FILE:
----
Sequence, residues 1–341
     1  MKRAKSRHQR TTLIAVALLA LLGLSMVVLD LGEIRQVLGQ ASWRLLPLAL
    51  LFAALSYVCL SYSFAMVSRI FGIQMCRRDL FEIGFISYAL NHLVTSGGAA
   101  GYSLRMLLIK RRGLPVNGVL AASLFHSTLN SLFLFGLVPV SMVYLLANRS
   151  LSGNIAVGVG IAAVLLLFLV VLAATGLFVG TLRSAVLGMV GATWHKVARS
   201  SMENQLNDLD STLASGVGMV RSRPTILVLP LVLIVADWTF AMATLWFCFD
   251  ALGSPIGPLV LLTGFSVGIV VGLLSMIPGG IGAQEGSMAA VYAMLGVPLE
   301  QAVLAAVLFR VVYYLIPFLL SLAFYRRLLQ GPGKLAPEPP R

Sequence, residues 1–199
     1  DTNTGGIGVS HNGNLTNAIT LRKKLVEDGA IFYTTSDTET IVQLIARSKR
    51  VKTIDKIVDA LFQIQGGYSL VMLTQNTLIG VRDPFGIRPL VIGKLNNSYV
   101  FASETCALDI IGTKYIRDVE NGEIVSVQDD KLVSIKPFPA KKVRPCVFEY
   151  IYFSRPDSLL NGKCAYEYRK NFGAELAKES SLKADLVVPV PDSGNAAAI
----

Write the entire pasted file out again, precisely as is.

Sequence, residues 1–341
     1  MKRAKSRHQR TTLIAVALLA LLGLSMVVLD LGEIRQVLGQ ASWRLLPLAL
    51  LFAALSYVCL SYSFAMVSRI FGIQMCRRDL FEIGFISYAL NHLVTSGGAA
   101  GYSLRMLLIK RRGLPVNGVL AASLFHSTLN SLFLFGLVPV SMVYLLANRS
   151  LSGNIAVGVG IAAVLLLFLV VLAATGLFVG TLRSAVLGMV GATWHKVARS
   201  SMENQLNDLD STLASGVGMV RSRPTILVLP LVLIVADWTF AMATLWFCFD
   251  ALGSPIGPLV LLTGFSVGIV VGLLSMIPGG IGAQEGSMAA VYAMLGVPLE
   301  QAVLAAVLFR VVYYLIPFLL SLAFYRRLLQ GPGKLAPEPP R

Sequence, residues 1–199
     1  DTNTGGIGVS HNGNLTNAIT LRKKLVEDGA IFYTTSDTET IVQLIARSKR
    51  VKTIDKIVDA LFQIQGGYSL VMLTQNTLIG VRDPFGIRPL VIGKLNNSYV
   101  FASETCALDI IGTKYIRDVE NGEIVSVQDD KLVSIKPFPA KKVRPCVFEY
   151  IYFSRPDSLL NGKCAYEYRK NFGAELAKES SLKADLVVPV PDSGNAAAI